Plaintiff has pointed out the very real concern, that if the omission of Goldman as a named inventor may be easily cured, as Defendants suggest, why have Defendants not cured the omission by correcting the inventorship with the PTO during the lengthy pendency of this suit? Plaintiff has raised the inference that Goldman's name was omitted from the patent application as an inventor in order to hide from the PTO the existence of alleged prior art created by Goldman. Defendants counter that whether or not the PTO known had about Goldman's involvement as a co-inventor, it still investigated the '379 Patent in exactly the same way. In support of this argument, Defendants state that the classifications of patents searched by the Patent Examiner "actually included" the Design Class in which Goldman's sole prior patent is found. Furthermore, Defendants contend that "the Examiner presumably saw Mr. Goldman's sole registered Patent, and decided it was not sufficiently material to cite as a material reference." (Def. Post-Hearing at 6-7.) Summary judgment cannot be granted on Defendants' speculations. Whether the Patent Examiner found and considered Goldman's prior patent is the type of factual dispute that renders summary judgment inappropriate.

The ultimate decision of whether Defendants acted with deceptive intent in failing to name Goldman as an inventor of the '379 Patent must be made at a trial. Plaintiff has presented enough facts to support an inference that a trier of fact could conclude that Defendants acted with an intent to deceive the PTO on the identity of the correct inventors of the '379 Patent. Therefore, Defendants' Motion for Summary Judgment Dismissing Claim of Invalidity and Unenforceability Based on Inventorship must be denied.

D. Summary Judgment on Unfair Competition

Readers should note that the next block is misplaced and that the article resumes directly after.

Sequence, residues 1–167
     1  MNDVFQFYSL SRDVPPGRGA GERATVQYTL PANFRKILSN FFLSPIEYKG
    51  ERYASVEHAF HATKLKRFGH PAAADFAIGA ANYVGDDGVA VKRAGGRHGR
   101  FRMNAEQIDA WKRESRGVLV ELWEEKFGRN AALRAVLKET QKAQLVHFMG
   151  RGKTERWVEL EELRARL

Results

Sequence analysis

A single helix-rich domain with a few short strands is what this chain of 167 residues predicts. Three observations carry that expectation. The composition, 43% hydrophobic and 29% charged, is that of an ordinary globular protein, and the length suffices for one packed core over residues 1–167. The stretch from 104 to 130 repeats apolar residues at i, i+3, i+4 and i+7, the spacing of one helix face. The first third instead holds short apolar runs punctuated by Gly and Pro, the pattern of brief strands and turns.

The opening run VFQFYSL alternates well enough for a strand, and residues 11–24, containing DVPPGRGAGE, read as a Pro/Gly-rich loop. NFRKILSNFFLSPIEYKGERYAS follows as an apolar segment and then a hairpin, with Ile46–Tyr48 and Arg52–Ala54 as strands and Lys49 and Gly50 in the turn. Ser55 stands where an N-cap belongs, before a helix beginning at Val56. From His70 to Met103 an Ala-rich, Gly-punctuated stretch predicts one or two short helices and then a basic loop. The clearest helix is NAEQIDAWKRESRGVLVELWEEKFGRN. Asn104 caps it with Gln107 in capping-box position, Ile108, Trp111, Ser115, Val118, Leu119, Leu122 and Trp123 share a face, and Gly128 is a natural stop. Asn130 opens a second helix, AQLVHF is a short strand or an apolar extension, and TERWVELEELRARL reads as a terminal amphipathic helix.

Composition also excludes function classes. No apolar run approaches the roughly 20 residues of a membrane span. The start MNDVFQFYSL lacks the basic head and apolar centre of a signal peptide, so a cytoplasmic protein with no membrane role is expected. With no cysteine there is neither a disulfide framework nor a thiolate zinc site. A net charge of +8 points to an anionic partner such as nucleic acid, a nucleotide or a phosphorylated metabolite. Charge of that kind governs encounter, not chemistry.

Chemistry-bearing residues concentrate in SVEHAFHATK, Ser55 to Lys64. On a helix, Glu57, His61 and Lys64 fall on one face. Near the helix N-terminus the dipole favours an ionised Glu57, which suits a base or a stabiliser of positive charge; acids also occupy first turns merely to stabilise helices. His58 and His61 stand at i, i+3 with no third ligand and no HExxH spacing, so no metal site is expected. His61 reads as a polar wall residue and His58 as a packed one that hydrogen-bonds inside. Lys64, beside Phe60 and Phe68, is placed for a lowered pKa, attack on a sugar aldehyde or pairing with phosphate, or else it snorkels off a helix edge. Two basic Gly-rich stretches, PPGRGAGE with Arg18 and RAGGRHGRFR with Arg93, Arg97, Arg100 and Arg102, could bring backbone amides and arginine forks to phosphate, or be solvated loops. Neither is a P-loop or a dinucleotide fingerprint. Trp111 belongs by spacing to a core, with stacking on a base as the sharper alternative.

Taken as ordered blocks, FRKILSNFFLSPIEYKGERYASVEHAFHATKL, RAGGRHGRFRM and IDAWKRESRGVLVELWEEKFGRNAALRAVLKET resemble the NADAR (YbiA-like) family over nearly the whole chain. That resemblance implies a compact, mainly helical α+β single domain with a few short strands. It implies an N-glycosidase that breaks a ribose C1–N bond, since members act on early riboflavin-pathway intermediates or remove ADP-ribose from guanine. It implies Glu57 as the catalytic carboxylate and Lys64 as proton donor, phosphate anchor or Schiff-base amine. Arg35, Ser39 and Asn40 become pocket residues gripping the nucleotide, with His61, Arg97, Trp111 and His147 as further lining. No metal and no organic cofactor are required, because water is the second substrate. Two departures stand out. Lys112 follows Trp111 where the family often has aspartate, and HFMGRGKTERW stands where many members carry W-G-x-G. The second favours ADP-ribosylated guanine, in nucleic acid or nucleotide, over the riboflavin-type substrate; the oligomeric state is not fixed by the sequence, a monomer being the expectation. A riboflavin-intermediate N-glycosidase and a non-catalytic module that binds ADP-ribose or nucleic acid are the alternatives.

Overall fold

Based on the same facts and reasons discussed above in ruling on Defendants' Motion for Summary Judgment Dismissing Claim of Invalidity and Unenforceability Based on Inventorship, this Court holds that Plaintiff has established genuine issues of material fact as to whether the '379 Patent was obtained in good faith. Plaintiff has established that there is a genuine issue of material fact as to whether SKR Diamonds knew that the '379 Patent was invalid at the time they procured the Raviv and Goldman affidavits in 2006. If SKR Diamonds knew that the '379 Patent was invalid, and yet acted in support of that Patent in the marketplace through misrepresentations in letters from counsel and advertisements that the Patent was valid, then SKR Diamonds may be liable for unfair competition under the Lanham Act. SKR Diamonds' Motion for Summary Judgment on Unfair Competition must be denied because there remains genuine issues of material fact as to whether SKR Diamonds' marketplace representations to Plaintiff's customers and potential customers were made in a good faith belief that the '379 Patent was valid. Zenith Electronics Corp. v. Elo Touchsystems, Inc., 182 F.3d 1340, 1354 (Fed. Cir. 1999) (refusing to dismiss an unfair competition claim based on actions taken in support of a patent that may have been taken in bad faith and stating that "[o]bviously, if the patentee knows that the patent is invalid, unenforceable, or not infringed, yet represents to the marketplace that a competitor is infringing the patent, a clear case of bad faith representations is made out").